Robert Wurtz II
Now we have received, not the spirit of the world, but the spirit which is of God; that we might know the things that are freely given to us of God. Which things also we speak, not in the words which man’s wisdom teacheth, but which the Holy Ghost teacheth; comparing spiritual things with spiritual. But the natural man receiveth not the things of the Spirit of God: for they are foolishness unto him: neither can he know them, because they are spiritually discerned. (1 Corinthians 2:12–14 KJV)
One of the greatest deceptions of all is to mistake past experiences for wisdom; especially bad experiences. The older we get the more bad experiences we go through. This does not necessarily make us wise; it can just as easily make us cynical. What happens? We compare present circumstances with past bad experiences and then make decisions based on those bad experiences. If we do this we are not moving in wisdom — we are moving in our own understanding. In fact, we may be sabotaging our own commitment to be led of the Holy Spirit.
Have you ever wondered why God sometimes uses young people? Men like Josiah and Uzziah? I suggest that often it is because the older people have had so many bad experiences in life that they are cynical and faithless. They are forever comparing the present with the past and recalling all the times “when we tried that in 1927 and ____ happened.” It’s a wonder God can get anything done through leaders who have become old and cynical. What is worse is that they posit their catalogue of bad experiences as wisdom. It is not. True wisdom comes from God — not bad experiences. This is not to say that we don’t learn from bad experiences and failures; but we must guard ourselves against the temptation to look to them in making present or future decisions.
Carnal people often assume they are wise simply because they have filed away a lot of information and experience in their mind. Not only can they pull up twenty personal experiences that they have been through that relate to the present situation — but they can recall hearing about twenty more. These anecdotes become the basis of argument for their decision making. Soon the devil is leading and guiding the person by bringing to their remembrance all the bad stories of the past as excuses to why we shouldn’t do _____.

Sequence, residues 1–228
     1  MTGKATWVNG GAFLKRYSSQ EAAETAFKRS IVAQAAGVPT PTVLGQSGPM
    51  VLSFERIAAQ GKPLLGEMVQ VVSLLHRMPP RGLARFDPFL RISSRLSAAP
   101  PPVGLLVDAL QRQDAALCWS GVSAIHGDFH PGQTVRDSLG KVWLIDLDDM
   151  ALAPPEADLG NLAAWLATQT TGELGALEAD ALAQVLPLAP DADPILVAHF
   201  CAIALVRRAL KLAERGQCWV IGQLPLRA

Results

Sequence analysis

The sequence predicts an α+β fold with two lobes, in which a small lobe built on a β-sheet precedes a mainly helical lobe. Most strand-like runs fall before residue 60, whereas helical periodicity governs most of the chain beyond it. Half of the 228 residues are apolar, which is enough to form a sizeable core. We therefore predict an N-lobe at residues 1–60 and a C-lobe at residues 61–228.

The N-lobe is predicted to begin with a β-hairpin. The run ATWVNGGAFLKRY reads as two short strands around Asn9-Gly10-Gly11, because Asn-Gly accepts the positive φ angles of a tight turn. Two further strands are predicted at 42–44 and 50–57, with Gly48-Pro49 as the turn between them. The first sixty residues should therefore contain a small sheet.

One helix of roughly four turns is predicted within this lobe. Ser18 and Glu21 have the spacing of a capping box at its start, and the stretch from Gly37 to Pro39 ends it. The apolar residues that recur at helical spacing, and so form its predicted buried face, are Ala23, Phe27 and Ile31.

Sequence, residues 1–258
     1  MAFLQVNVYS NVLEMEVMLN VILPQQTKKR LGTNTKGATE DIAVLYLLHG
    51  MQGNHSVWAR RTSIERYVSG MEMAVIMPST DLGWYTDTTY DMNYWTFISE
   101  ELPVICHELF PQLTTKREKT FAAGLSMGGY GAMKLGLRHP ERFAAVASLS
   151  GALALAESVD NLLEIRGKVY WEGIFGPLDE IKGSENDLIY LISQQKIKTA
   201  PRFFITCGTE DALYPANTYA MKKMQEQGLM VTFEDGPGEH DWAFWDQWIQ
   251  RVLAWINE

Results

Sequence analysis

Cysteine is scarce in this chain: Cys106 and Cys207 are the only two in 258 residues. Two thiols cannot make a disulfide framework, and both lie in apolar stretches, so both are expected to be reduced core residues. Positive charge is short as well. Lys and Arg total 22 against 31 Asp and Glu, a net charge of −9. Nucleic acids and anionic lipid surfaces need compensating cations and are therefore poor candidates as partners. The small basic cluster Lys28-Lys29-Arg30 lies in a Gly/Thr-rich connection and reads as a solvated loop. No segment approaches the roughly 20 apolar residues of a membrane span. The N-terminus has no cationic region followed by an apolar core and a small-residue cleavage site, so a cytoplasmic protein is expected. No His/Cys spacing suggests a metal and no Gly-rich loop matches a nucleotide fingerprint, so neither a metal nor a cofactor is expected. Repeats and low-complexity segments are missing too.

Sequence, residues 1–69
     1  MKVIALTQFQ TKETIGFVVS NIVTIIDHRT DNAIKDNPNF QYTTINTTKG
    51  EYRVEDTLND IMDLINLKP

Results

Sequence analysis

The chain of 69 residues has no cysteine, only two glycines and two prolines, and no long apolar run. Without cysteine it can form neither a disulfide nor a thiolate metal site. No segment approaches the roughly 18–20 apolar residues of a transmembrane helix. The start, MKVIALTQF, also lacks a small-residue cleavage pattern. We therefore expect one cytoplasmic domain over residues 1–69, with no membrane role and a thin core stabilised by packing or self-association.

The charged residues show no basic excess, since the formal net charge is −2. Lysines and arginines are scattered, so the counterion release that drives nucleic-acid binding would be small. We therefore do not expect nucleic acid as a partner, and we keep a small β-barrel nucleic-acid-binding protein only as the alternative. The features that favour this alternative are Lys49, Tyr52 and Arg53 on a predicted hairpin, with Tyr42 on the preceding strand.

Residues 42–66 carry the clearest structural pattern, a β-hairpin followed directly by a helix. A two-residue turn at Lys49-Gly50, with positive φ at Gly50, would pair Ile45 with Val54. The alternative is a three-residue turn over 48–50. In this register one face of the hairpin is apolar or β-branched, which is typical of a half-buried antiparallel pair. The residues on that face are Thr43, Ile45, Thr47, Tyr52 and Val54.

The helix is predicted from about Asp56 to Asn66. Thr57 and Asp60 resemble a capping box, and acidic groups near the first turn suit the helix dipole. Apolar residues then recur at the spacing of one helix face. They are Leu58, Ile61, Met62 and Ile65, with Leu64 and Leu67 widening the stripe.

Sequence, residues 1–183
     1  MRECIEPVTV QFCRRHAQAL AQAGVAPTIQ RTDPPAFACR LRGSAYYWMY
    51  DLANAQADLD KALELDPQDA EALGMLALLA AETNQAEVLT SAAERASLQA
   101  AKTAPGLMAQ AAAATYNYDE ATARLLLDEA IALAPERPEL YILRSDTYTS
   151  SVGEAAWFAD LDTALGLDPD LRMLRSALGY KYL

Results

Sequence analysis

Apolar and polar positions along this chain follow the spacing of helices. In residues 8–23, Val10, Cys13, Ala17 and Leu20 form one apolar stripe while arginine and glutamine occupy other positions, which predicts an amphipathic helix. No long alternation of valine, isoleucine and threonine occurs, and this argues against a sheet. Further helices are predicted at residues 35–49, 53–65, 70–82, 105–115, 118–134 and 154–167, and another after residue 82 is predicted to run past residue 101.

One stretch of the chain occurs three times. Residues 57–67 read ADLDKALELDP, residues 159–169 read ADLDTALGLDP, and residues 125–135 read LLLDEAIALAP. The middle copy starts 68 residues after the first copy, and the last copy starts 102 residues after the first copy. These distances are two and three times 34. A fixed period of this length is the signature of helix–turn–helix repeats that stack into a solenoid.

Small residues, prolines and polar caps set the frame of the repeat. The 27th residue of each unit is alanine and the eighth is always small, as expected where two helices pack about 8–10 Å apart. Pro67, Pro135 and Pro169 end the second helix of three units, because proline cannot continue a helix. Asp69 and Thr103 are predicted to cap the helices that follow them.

Genuine wisdom comes from the word of God and through the Spirit of God. The natural man cannot understand these things. For example, in Luke 5:4-7 we have the Disciples frustrated from a night of fruitless fishing. We read, “Now when he had left speaking, he said unto Simon, Launch out into the deep, and let down your nets for a catch. And Simon answering said unto him, Master, we have worked all night, and have taken nothing: nevertheless at thy word I will let down the net. And when they had this done, they enclosed a great multitude of fishes: and their net brake. And they beckoned unto their partners, which were in the other ship, that they should come and help them. And they came, and filled both the ships, so that they began to sink.” (Luke 5:4–7) Had Peter and the others gone off of past experience, they would have disobeyed the Lord and missed God. It simply did not make sense to let down the net again based on past experience. From the standpoint of man’s wisdom it was foolishness! The key is found when Peter said, nevertheless at thy word I will let down the net.